Eliza: Yeah, it’s one of those things. They say, an overnight sensation takes 10 years, and I think these days it’s more like 20. [laughs] You know, like —

Gabby: True.

Eliza: These people who are purported to have “made it.” It took a really, really, really, really, really long time, but I have loved every second of it. You know, my favorite thing is the researching. I have just — I went to Singapore last summer to present my voice matching looping method that I use to basically teach almost everything that I teach,

Dialects, accents, character voices. And Singapore was the final country in the world, the final English speaking country for me to go personally and record people in. Because I was on a mission when I was 20 to go and record all of the dialects of spoken English in the world. And I started with America. I went across America in an ambulance, just because it had AC outlets, and I found it under cargo vans in the L.A. — I kind of think she found me.

Gabby: [laughs]

Eliza: And I could plug in my recording gear, and I could plug in my wok and cook Thai food in Mississippi, which I envisioned they might not have, and I was correct about that.

Gabby: [laughs]

Eliza: And yeah, and I could hang my houseplants on the IV hooks, which was homey.

Gabby: [laughs]

Eliza: And I was a bit of an escape artist journey — a gypsy of old. I think it has something to do with being raised on a Chippewa reservation, and the Ojibwe tribe is a very much a nomadic people, and I was sort of raised by these elders in my daycare, Ojibwe woman while my mom was being an attorney. My mom was an attorney trying to protect the Ojibwe tribe from the federal government. [laughs]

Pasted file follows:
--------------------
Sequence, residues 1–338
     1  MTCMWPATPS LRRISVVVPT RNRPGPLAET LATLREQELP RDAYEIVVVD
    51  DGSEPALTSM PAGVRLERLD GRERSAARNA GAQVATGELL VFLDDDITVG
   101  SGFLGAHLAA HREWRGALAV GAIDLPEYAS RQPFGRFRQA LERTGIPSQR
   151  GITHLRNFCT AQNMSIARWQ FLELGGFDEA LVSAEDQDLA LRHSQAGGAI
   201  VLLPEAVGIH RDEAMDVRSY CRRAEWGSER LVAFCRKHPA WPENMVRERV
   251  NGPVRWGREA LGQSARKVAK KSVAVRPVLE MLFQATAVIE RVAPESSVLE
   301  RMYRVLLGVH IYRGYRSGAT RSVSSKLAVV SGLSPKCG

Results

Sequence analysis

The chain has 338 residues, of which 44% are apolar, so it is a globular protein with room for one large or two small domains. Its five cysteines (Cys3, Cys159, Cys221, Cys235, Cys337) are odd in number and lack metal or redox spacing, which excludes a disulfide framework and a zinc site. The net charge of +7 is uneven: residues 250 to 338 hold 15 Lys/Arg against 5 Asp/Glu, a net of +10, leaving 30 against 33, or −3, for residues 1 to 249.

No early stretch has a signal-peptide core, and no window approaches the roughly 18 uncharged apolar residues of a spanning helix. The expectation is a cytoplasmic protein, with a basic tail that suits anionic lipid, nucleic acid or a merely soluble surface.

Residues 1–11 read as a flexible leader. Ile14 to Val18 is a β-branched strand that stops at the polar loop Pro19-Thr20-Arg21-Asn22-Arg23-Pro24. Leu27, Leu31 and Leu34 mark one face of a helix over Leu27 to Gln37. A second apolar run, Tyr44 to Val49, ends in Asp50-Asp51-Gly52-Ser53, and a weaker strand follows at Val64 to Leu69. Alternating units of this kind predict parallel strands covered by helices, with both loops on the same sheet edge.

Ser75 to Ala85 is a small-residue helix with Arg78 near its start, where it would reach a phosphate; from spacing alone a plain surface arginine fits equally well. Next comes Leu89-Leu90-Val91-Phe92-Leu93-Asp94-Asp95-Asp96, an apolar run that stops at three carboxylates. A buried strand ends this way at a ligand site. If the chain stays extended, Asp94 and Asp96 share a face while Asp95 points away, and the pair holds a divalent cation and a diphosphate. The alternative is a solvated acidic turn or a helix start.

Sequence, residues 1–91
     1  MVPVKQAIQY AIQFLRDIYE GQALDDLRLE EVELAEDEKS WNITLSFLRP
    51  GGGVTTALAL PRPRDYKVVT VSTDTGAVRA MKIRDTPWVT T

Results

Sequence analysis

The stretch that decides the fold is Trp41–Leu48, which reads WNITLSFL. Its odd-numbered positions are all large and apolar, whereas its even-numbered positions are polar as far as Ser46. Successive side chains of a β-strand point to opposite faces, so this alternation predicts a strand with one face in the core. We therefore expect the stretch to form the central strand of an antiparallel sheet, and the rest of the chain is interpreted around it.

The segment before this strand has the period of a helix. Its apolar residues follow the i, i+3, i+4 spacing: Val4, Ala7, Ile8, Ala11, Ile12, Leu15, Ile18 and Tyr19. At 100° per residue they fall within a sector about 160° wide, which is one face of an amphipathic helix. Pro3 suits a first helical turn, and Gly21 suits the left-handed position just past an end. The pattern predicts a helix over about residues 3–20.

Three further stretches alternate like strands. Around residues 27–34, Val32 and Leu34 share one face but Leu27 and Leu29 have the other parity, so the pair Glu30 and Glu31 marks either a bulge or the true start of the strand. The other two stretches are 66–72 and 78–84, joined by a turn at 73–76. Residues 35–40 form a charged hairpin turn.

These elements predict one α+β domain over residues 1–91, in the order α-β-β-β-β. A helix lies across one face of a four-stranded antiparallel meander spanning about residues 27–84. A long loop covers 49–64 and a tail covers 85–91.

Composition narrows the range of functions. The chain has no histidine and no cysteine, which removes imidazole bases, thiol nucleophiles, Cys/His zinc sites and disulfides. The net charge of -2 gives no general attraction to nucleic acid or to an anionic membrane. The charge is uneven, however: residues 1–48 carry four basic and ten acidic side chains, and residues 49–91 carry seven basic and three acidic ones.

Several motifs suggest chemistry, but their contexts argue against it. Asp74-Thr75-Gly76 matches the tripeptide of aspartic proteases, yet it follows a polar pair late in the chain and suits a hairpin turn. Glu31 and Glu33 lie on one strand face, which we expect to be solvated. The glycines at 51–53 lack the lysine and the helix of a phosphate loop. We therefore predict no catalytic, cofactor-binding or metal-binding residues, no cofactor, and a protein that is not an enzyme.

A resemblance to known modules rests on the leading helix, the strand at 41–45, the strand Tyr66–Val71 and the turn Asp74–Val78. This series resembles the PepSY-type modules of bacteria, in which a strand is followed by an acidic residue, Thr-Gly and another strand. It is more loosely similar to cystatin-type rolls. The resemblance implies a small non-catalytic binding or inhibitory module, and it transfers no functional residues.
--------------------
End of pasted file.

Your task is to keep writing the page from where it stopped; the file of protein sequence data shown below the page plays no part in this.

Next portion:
Anne: oohhh.

Gabby: Wow.

Eliza: That worked.

Anne: That’s a story.

Eliza: But no, yeah, so, so last summer I went to Singapore. It was the last English-speaking country in the world where I still had yet to record dialects, and so now I have over 7000 interviews that my 35 to 40 some odd minions, who are students of mine, who are all on some kind of a program with me, they are also helping me upload all this research to the dialect database. So it is really fun for them too because it kind of saves them the gas money, you know. They get to go on these take –

Gabby: Wow.

Anne: To say the least.

Eliza: Journeys around the world.

Gabby: How, how –

Eliza: [laughs]

Gabby: How did that start? You have got to like take us back. Like how in the world did this become your life?

Eliza: Well, I mean, my dad was a drama teacher and a math teacher. So the sort of art and science of things is always somewhat integrated. I was a Suzuki violin kid from like age seven, and that’s an ear training method, and it’s about immersion. So I’ve merged dialects, accents, language, music, and it is all sounds to me. And it’s just a huge part of my identity. It’s how I, It’s how I interact with the world, and so um it’s just kind of who I am. It’s not really a choice.